The Citi Pond is located at Bryant Park. It has a skating rink that can hold 500 people, a skating pavilion that has multi-purpose facilities, a party room, and a cafe that provides a scenic rink view. The pond is, in fact, the centerpiece of the park during the winter. There are shows, parties, events, activities, restaurants and holiday shops.
The Princeton Club of New York is a members' club which gives patrons access to many excellent facilities. They have business facilities and even a restaurant, lounges and a ballroom. Members can even indulge themselves in the comfort of the spa or attend yoga classes. The club has a well equipped gym with personal trainers, and the squash and fitness facilities are commendable. Twelve dining and private rooms are also available for corporate and social functions. Visit website for more information.
With its great location and excellent service, the Yale Club of New York City is a wonderful club for relaxing on weekends. Here you can find a gymnasium, an athletics center as well as dining rooms serving up some mouthwatering cuisines. A magnificent structure spanning 22 stories, it is a great hangout for those looking for an indulgent time in luxurious surroundings. Playing host to events and functions the year round, Yale Club is a classy venue catering to nothing but the best. Visit website for more information.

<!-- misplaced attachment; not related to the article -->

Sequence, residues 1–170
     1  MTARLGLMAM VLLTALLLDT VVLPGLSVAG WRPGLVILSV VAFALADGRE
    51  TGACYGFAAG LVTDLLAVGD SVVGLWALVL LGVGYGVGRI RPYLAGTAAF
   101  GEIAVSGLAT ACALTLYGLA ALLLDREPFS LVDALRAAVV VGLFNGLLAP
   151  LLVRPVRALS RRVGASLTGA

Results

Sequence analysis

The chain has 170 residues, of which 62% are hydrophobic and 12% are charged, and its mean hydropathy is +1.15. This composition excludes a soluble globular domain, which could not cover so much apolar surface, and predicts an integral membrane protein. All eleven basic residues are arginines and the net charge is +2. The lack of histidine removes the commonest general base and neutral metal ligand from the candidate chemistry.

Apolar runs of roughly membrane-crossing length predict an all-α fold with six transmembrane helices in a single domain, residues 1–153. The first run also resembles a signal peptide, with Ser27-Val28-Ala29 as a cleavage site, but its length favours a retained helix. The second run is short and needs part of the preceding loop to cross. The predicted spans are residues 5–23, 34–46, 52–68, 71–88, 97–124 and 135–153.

This historic club, founded with the aim of giving a boost to amateur athletes, is now one of the better places to head to for recreational activities in the Central Park area. There are plenty of options, not only when it comes to sports, but also accommodation, dining & recreation. The training facilities on offer here include squash & racquetball courts, a dojo & a fully equipped gymnasium, among other things. Whether what you're looking for is a casual pool-side meal, or a sophisticated dining experience, this club has something to cater to all your needs. The 187 rooms, offering some fantastic views of the surrounding area, not to mention all the modern amenities, make the Athletic Club a great option for your next visit to the Big Apple.